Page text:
Questions range from setting out the steps taken by the taxpayer to implement TOFA, to details of specific financial arrangements subsequently entered into by the taxpayer.
Outside of the Financial Services sector, the majority of the ‘large’ taxpayers affected by the TOFA rules have not adopted one of the elective methods and are therefore assessed under one of the default methods (i.e. the ‘accruals’ or ‘realisation’ methods).
In a large number of cases, the default methods provide a tax outcome that is consistent with the accounting treatment, but it is important to be wary that there are a number of scenarios when this may not be the case.
One such situation is where a taxpayer enters into a swap arrangement with one counterparty that is subsequently novated to a new counterparty. In this scenario the economic position of the taxpayer may not change and from an accounting perspective there may be a continuation of the original swap.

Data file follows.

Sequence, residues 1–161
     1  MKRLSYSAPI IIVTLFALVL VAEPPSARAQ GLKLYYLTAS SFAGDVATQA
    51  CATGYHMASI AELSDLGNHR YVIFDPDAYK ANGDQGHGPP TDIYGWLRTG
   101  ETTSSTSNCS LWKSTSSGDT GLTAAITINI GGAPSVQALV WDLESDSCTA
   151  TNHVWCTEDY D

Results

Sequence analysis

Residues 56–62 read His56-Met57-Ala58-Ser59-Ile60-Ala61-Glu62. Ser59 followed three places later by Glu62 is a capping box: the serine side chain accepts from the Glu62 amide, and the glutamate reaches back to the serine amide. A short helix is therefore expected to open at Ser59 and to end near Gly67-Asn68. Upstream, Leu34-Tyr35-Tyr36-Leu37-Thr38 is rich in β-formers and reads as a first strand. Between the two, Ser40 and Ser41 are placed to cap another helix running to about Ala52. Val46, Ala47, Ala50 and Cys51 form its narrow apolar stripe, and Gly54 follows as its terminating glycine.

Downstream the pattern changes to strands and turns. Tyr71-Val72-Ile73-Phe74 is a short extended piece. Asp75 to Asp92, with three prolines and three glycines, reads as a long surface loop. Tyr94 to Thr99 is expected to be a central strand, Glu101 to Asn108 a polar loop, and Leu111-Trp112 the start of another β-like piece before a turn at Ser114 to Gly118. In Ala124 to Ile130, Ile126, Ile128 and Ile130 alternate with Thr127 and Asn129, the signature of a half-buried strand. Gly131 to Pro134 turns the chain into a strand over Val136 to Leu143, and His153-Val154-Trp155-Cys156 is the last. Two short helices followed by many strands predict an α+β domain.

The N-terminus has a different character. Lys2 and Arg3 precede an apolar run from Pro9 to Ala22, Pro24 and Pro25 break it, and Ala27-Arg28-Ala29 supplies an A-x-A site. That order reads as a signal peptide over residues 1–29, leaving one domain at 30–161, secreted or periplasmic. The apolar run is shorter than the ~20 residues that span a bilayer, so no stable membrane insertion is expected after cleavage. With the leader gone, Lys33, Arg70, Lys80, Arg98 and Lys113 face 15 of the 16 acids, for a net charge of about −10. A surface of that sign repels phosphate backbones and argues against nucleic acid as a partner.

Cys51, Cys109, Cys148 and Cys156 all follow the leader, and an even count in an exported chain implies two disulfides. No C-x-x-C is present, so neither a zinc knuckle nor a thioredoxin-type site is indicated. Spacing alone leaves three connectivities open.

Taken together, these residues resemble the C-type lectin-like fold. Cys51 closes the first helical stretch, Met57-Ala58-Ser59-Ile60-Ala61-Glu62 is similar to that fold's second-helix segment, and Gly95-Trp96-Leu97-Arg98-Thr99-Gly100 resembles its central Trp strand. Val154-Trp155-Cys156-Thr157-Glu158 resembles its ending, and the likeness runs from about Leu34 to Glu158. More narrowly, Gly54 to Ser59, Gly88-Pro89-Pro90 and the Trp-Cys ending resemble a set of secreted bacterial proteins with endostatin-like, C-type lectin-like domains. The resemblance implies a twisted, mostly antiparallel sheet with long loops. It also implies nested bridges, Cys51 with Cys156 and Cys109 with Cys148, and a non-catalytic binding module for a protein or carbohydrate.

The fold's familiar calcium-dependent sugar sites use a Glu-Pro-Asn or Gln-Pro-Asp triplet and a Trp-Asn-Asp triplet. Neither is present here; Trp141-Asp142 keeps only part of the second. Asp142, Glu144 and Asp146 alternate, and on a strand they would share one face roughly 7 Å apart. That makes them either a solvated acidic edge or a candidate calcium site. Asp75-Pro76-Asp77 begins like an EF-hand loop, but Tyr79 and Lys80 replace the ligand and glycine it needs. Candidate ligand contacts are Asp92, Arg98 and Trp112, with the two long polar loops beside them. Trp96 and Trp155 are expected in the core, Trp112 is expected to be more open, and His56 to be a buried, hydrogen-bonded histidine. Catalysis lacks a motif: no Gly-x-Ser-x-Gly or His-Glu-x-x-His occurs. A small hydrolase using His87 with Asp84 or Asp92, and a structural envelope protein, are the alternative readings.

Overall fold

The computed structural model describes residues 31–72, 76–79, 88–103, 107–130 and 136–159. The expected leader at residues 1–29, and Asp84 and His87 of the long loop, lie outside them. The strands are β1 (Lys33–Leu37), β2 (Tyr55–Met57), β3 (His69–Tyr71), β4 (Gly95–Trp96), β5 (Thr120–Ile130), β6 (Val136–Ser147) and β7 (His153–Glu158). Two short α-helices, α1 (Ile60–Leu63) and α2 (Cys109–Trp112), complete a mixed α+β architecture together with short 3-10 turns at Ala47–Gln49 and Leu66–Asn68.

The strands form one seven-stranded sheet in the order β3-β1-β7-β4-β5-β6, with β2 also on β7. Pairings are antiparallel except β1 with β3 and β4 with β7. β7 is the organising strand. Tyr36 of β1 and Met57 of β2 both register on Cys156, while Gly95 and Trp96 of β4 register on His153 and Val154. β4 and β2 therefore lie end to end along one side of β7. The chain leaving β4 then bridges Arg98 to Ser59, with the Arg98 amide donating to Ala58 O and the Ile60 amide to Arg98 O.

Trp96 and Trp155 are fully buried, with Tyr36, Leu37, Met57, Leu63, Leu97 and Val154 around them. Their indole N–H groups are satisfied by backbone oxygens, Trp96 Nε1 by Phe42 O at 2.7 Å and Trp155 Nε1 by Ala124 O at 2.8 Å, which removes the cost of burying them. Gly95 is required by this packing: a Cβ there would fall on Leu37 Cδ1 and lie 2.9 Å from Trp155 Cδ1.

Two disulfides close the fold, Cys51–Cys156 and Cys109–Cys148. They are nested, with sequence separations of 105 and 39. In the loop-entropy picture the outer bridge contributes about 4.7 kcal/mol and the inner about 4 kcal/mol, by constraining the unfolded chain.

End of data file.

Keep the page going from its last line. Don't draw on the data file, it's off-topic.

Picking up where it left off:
However, where the novation is a cancellation of the existing, and creation of a new, agreement from a legal perspective, the taxpayer is likely to have a new financial arrangement under TOFA. As a result, a balancing adjustment event will occur on the original swap and a taxable gain/loss may arise depending on whether the swap was in or out of the money. This will not necessarily be offset by a corresponding gain/loss on the ‘new’ financial arrangement in the year of novation.
Given these nuances and the ATO’s focus, is it time to have a refreshed look at TOFA?